Date of Award

Winter 12-5-2011

Degree Type

Thesis

Degree Name

Master of Public Health (MPH)

Department

Public Health

First Advisor

Sheryl M Strasser

Second Advisor

Sarah Boos

Third Advisor

Megan Smith

Abstract

As in years past, use of tobacco remains the leading cause of preventable death in this country. Smoking has been associated with elevated risks of 15 other forms of and has also been identified as a major cause of such chronic conditions as cardiovascular disease, cerebrovascular disease, bronchitis and emphysema. In 2008, an estimated 8.6 million Americans suffered from smoking-related chronic conditions (American Cancer Society, 2010).

As 80% of tobacco use begins in adolescence (Villanti, Boulay & Juon, 2010), this age group has long been the focus of intervention efforts. Furthermore, animal studies suggest that the adolescent brain is at increased risk for developing an addiction to nicotine compared to an adult brain (Morrell, Song & Halpern-Felsher, 2011). Additional studies have demonstrated that the younger an adolescent begins smoking, the more likely he is to become a regular smoker and less likely to quit smoking (Brown et al., 2010). The public health opportunity for primary and secondary prevention intervention is clear.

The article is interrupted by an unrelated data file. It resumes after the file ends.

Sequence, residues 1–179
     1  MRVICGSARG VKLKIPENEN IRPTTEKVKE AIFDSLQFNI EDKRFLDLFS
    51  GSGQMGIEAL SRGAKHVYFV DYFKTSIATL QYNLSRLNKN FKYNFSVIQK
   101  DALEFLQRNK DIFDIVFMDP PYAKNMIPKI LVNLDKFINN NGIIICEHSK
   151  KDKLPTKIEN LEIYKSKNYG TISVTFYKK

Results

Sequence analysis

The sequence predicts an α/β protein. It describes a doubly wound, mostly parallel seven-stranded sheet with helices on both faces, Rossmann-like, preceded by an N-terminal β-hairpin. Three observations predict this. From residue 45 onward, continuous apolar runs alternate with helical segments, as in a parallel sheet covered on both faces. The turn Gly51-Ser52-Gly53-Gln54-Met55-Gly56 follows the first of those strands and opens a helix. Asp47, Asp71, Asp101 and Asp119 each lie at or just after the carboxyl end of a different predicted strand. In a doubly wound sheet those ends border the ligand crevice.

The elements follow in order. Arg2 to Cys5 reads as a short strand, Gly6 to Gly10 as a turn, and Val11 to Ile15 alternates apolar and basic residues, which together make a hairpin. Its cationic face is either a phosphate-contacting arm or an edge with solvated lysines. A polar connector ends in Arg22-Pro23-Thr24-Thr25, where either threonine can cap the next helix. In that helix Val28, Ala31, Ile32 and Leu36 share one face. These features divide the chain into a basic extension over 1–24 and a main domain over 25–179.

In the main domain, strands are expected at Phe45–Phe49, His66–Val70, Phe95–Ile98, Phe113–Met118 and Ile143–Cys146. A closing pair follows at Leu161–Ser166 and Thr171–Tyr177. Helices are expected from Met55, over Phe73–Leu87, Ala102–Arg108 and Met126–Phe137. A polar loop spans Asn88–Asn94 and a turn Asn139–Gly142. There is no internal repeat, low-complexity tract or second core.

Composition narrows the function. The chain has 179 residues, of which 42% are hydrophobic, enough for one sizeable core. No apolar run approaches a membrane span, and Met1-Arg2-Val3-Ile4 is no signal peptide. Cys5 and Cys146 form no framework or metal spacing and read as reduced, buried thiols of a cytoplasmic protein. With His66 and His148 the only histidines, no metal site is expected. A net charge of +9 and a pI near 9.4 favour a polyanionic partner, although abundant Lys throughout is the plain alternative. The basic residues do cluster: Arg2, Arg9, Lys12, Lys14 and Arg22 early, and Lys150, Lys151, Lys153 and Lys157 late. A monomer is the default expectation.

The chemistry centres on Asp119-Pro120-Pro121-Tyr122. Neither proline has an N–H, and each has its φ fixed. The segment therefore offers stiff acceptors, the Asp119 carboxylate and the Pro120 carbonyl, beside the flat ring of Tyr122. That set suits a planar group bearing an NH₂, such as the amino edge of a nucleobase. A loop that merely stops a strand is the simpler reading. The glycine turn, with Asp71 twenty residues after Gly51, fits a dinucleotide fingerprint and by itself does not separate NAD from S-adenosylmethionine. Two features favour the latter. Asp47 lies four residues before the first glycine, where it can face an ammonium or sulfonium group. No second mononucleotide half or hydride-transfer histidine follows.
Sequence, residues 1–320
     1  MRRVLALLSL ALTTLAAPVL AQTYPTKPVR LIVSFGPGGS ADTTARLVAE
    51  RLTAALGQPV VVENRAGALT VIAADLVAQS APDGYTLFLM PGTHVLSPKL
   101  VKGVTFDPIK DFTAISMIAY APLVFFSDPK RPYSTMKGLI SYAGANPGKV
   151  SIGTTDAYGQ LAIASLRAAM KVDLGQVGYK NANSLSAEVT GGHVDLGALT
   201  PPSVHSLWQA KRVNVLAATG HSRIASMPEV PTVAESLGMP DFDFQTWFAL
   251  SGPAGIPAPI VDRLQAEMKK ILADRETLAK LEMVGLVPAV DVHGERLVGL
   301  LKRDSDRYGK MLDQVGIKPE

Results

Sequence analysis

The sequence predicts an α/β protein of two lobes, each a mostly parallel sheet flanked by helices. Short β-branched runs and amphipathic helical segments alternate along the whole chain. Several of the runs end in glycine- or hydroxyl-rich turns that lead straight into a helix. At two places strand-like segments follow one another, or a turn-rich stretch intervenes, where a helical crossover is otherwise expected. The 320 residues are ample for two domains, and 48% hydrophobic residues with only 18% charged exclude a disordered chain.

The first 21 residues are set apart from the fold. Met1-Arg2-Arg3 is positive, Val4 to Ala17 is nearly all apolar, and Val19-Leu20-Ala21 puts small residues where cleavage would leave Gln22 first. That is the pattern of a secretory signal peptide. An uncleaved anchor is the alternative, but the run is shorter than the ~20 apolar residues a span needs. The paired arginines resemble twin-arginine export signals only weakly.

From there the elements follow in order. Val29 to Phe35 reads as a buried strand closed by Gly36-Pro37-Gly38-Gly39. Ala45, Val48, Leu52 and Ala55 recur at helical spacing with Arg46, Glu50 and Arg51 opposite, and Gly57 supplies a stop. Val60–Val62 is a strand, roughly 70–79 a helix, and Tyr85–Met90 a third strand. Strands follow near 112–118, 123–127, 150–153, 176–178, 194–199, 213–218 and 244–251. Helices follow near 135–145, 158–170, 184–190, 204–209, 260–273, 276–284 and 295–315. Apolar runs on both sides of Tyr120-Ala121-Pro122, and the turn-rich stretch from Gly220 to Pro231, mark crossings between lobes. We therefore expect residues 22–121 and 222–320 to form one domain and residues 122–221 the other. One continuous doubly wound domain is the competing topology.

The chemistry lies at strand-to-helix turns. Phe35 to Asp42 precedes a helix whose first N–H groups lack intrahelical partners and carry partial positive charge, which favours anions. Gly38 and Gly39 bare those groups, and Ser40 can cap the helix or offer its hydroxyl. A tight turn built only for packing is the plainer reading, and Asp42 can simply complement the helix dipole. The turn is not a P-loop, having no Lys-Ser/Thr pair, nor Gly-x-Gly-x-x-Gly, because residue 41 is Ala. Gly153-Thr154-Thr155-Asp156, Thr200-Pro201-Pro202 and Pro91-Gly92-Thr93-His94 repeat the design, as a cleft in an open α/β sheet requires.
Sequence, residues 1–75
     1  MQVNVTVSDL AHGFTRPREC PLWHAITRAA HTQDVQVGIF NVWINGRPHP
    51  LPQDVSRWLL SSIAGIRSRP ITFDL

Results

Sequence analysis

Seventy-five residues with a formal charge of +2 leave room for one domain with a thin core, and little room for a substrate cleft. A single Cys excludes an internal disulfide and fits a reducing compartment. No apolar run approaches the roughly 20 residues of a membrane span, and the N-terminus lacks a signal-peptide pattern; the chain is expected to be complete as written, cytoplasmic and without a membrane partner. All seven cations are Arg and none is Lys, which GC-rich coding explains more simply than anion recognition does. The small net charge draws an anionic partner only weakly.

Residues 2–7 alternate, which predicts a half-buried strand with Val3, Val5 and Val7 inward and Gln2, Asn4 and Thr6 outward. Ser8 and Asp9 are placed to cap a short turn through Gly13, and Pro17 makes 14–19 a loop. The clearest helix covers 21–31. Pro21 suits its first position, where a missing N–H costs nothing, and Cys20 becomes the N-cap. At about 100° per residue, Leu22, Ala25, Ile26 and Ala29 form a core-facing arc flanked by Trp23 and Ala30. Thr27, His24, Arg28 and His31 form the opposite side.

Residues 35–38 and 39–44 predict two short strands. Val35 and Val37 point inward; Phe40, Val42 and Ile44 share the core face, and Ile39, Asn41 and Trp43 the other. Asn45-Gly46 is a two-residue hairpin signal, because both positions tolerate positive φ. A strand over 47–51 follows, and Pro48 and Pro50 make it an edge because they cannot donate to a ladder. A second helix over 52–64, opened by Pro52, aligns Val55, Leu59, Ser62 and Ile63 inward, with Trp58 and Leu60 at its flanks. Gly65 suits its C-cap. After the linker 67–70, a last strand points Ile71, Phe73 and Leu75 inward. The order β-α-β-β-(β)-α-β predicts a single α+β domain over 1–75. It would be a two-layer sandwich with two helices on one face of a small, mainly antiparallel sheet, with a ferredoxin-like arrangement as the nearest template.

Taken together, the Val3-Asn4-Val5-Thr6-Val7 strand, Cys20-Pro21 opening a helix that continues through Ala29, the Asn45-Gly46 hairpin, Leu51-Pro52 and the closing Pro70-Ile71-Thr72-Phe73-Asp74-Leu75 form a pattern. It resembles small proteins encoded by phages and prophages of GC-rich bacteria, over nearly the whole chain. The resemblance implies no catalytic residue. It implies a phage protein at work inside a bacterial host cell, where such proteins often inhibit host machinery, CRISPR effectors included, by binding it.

To track adolescent risk-taking in the state, The Georgia Department of Education administers the Georgia Student Health Survey II [GSHS II] throughout all school districts. The purpose of this thesis study was to examine known smoking risk factors using the GSHS data in order to assess associations using an adolescent sample. Findings demonstrated that age, gender, and urbanicity were associated with smoking. Findings from this study provide insights for programming that can be tailored to meet the needs of adolescent subgroups that may be vulnerable to smoking initiation.

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Public Health Commons

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